• Alcohol Facts
  • The rocks are nicknamed ‘Crack’ because of the crackling sound they make as they are smoked.
  • Some experts call it the most addictive drug; and some users say they were addicted the moment they first put a pipe to their lips.
  • Other physical side effects of crack include body burn-out and malnutrition and possible liver damage. The drug depletes levels of dopamine, a neurotransmitter involved in regulation of mood, attention, and motivation.
  • Of the 4.2 million Americans who have ever tried crack, about 600,000 are currently addicted.
Cocaine Info
Cocaine information is abundant on the Internet these days. Here we hope to provide you will a general overview of the most important aspects. Cocaine hydrochloride is a central nervous system stimulant derived from the coca plant. Cocaine is generally sold on the street as a fine, white, crystalline powder, known as "coke," "C," "snow," "flake," or "blow." Street dealers generally dilute it with such inert substances as cornstarch, talcum powder, and/or sugar, or with such active drugs as procaine (a chemically-related local anesthetic) or with such other stimulants as amphetamines.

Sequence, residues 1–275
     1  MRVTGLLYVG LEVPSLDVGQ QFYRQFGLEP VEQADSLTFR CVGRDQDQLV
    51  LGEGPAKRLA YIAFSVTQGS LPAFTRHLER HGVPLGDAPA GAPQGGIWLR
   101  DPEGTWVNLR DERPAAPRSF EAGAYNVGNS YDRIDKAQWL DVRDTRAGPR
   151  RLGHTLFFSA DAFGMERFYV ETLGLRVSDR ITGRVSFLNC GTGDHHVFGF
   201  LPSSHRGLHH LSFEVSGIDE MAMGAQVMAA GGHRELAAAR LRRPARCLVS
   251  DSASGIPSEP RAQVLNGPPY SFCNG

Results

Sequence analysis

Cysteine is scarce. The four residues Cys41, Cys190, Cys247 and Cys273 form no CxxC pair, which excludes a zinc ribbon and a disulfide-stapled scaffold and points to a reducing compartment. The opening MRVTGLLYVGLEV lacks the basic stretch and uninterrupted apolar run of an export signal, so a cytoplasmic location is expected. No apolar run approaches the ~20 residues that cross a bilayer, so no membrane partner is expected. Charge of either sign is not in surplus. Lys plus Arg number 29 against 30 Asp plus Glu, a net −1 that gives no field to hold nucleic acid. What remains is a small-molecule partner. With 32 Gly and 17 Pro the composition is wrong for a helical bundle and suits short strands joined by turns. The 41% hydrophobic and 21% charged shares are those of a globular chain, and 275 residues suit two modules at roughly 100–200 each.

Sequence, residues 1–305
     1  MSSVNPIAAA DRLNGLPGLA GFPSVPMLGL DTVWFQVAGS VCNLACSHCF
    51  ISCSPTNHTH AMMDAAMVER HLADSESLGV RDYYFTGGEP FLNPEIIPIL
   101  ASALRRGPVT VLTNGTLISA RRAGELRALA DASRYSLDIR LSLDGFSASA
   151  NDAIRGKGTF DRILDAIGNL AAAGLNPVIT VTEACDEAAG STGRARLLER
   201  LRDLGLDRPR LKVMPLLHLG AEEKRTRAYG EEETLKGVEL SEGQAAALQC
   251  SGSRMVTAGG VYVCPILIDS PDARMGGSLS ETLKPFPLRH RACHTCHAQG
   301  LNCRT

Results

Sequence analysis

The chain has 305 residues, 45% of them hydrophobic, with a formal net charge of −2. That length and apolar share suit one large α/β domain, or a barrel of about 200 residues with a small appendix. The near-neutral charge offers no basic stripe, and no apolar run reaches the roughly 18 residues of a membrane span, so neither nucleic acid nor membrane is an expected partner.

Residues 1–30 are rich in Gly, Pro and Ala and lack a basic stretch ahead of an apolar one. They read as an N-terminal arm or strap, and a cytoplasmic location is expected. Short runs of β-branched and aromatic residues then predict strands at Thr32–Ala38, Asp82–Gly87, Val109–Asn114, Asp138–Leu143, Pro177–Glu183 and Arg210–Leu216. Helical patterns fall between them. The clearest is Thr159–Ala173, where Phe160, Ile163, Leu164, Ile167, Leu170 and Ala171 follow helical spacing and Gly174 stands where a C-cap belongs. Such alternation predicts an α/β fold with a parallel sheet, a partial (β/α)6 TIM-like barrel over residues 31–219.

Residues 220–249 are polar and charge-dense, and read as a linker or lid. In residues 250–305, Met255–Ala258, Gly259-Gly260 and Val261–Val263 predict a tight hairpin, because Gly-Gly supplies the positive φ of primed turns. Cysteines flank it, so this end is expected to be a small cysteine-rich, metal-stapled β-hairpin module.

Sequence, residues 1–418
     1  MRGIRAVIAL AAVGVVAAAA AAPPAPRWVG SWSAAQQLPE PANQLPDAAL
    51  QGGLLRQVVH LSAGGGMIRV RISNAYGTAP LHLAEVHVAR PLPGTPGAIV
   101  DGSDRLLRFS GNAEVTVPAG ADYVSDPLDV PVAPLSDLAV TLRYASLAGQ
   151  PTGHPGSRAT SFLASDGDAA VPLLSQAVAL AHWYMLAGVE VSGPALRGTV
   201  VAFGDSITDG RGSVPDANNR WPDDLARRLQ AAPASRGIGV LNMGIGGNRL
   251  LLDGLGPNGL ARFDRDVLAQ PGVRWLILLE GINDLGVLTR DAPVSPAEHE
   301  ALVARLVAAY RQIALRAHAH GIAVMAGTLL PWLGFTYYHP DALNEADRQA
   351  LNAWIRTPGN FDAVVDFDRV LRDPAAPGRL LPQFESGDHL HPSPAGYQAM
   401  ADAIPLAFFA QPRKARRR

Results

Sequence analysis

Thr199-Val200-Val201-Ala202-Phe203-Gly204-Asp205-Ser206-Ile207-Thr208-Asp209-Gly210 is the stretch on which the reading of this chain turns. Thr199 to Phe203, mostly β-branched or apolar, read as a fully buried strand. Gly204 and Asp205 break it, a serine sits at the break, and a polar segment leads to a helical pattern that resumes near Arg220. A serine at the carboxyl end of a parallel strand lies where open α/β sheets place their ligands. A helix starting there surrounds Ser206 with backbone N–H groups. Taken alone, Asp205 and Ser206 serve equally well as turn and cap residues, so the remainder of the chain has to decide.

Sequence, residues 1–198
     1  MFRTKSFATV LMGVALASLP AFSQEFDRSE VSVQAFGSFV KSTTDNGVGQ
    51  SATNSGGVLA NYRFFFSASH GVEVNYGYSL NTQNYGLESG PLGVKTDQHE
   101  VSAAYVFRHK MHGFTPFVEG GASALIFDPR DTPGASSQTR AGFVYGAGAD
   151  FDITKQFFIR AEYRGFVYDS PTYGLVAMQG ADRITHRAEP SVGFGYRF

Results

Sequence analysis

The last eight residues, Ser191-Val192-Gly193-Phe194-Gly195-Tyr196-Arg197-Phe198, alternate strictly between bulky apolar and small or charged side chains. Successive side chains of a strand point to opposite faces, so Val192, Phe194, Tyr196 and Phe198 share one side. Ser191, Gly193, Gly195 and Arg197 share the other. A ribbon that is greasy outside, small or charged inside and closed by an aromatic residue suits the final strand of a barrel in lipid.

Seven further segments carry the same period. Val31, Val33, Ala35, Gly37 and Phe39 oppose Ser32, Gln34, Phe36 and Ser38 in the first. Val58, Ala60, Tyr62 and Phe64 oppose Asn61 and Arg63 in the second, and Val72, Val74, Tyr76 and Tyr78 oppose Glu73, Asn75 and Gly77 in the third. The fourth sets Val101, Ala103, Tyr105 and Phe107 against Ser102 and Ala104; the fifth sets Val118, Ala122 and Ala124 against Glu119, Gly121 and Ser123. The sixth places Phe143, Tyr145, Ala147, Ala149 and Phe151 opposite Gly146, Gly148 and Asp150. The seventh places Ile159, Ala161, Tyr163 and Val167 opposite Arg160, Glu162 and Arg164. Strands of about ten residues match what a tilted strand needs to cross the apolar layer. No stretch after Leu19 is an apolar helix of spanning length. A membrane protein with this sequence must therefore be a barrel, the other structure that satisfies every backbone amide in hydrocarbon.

Individuals may use cocaine for the exhilarating high, increased energy, and improved confidence. They may also seek the approval of their peers, stress reduction, or rebellion against authority. Information that they are missing is that cocaine use can disrupt the chemical balance in the brain, depleting the "feel good" chemicals the brain needs to function normally after the "high" wears off. That's why users experience fatigue and depression or "crash" after the intoxicating effects subsides.

Benzoylecognine, a metabolite unique to cocaine, can be detected in the urine 2-4 days. The disruption to brain chemistry can remain for much longer. Individuals who have become dependent on cocaine will feel intense cravings for cocaine long after use has ceased making recovery difficult.

Many are unaware that their first exposure to cocaine could leave them vulnerable to addiction. This information could have saved them lots of heartache and money if they had known. Using mice for testing, scientists found that just one single use of cocaine could trigger a long-lasting surge of activity in the part of the brain linked to the development of addiction. And they said this could also be the reason why former drug users fall back into addiction after just one relapse. Drug groups are now hoping to dispel the widely held misconception that cocaine is a safer, less addictive, drug than others.

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